June 18 (Bloomberg) -- China’s plan to set up markets to trade emissions will make it second only to Europe in efforts to put a price on pumping carbon into the atmosphere. For cities choking on the nation’s smog, expect little relief.
Seven pilot carbon-trading programs are scheduled to start this year, with the first opening today in Shenzhen, followed by Beijing, Shanghai, Guangdong, Tianjin, Chongqing and Hubei. They are set to regulate 800 million to 1 billion tons of emissions by 2015 in the world’s biggest cap-and-trade program after Europe’s, according to Bloomberg New Energy Finance.
China’s National Development and Reform Commission will oversee emission exchanges in a country that the World Bank says has 16 of the world’s most-polluted 20 cities. The commission is better known for setting prices than creating open markets, said Stuart Cerne, managing director at Hong Kong-based environmental business consultant Enecore Carbon.
“The NDRC’s measure of success of the pilots is primarily focused on technical aspects of setting up the system, whilst the importance of an active trading environment has not been given as much importance,” Cerne said by telephone. “Because of unresolved design and regulatory issues, I don’t expect that there will be real trading in the pilots other than annual compliance and government influenced transactions.”
The seven pilots agreed to regulate emissions using a cap and trade system, with companies that produce more than their allocation buying permits from companies that emit less. Shenzhen’s trading will take place on a purpose-built exchange.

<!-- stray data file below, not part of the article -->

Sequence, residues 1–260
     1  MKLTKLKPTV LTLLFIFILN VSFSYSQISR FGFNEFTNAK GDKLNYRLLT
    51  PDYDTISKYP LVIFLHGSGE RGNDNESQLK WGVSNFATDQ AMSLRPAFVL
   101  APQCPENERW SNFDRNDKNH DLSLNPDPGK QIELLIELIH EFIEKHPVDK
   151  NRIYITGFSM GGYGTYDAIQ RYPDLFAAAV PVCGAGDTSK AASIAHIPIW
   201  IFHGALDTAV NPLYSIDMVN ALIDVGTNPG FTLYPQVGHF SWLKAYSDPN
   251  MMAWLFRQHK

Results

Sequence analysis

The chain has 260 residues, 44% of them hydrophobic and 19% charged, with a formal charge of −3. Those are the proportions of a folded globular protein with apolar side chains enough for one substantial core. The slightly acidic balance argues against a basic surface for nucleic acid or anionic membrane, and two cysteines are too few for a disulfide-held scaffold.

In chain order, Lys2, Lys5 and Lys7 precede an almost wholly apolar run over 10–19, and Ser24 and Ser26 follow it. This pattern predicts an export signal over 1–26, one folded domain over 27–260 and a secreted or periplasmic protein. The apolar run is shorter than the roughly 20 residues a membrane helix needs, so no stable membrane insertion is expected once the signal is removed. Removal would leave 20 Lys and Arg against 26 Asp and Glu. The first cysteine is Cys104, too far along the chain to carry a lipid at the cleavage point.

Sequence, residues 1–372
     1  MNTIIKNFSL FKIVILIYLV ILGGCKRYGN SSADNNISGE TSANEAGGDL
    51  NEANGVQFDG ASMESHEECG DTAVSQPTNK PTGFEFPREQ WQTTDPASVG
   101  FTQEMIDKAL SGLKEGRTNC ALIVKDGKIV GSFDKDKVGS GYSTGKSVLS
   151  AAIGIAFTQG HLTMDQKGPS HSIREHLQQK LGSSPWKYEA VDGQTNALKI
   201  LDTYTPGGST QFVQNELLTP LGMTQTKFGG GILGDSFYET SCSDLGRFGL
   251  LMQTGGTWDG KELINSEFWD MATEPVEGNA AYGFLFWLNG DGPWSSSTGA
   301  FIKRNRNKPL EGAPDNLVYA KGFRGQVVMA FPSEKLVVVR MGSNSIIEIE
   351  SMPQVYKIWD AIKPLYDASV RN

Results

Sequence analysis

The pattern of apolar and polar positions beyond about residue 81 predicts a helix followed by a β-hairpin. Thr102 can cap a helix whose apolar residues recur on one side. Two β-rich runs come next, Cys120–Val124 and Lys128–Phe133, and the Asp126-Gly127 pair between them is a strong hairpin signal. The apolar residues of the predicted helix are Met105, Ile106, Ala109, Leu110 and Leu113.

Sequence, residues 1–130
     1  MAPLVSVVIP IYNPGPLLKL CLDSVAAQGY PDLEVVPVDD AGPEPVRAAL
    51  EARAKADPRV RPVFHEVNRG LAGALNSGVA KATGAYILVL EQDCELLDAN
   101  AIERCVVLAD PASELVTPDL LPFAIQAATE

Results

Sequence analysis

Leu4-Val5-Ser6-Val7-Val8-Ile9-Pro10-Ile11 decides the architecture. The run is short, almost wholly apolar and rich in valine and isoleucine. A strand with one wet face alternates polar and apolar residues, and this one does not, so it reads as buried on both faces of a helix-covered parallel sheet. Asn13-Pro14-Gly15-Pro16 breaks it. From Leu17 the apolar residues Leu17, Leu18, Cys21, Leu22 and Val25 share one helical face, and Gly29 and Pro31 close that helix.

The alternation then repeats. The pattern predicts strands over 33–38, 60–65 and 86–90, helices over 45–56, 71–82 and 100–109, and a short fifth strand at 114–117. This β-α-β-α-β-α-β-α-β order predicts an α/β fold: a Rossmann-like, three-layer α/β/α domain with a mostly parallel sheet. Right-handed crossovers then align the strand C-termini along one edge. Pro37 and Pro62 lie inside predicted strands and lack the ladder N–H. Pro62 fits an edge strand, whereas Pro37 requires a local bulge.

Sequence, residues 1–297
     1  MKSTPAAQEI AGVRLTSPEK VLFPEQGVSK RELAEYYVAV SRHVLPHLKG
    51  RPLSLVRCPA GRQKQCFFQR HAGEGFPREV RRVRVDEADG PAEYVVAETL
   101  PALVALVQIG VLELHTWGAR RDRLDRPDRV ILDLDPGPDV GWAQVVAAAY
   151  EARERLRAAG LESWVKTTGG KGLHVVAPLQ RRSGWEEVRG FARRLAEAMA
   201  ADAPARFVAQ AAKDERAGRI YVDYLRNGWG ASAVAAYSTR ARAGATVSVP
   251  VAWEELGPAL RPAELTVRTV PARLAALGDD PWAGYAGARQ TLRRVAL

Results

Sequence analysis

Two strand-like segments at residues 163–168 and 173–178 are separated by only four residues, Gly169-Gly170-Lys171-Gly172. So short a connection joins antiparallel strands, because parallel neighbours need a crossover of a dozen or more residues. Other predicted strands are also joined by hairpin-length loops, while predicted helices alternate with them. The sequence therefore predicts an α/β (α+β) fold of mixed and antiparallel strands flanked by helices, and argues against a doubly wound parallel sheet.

Shanghai’s carbon exchange plans to reduce the supply of carbon permits when prices are low and sell more when they are high “to maintain relatively stable levels,” NDRC Vice Chairman Xie Zhenhua, said in an April speech on climate legislation. Xie is China’s lead climate negotiator.
Regulations governing transactions in Shenzhen are still being worked on and aren’t expected to be released by the start of trading, according to a presentation by the city.
Shenzhen, one of China’s Special Economic Zones designed to promote market policies, will initially include 635 companies in its cap-and-trade program, Mayor Qin Xu said in April. Those companies discharged 31.7 million tons of greenhouse gases in 2010, 38 percent of the city’s total, according to Bloomberg New Energy Finance.
A separate program to complement cap-and-trade in China was a proposed carbon tax that would be paid by consumers at the pump and on utility bills. With economic growth slowing to 7.7 percent in the first quarter, the carbon tax was put on hold after opposition from businesses and local governments.
The tax won’t be introduced this year amid “obvious opposition,” Jia Kang, head of research at the Ministry of Finance, said at parliament’s annual session in March.
Kang quoted an initial levy of 5 yuan to 10 yuan (81 cents to $1.62). Starting at that level is too low to make an impact or even meet official targets, according to research from Tsinghua University and China’s Central Compilation & Translation Bureau. The effect may be further muted since the government already sets prices for gasoline and electricity that are below market rates.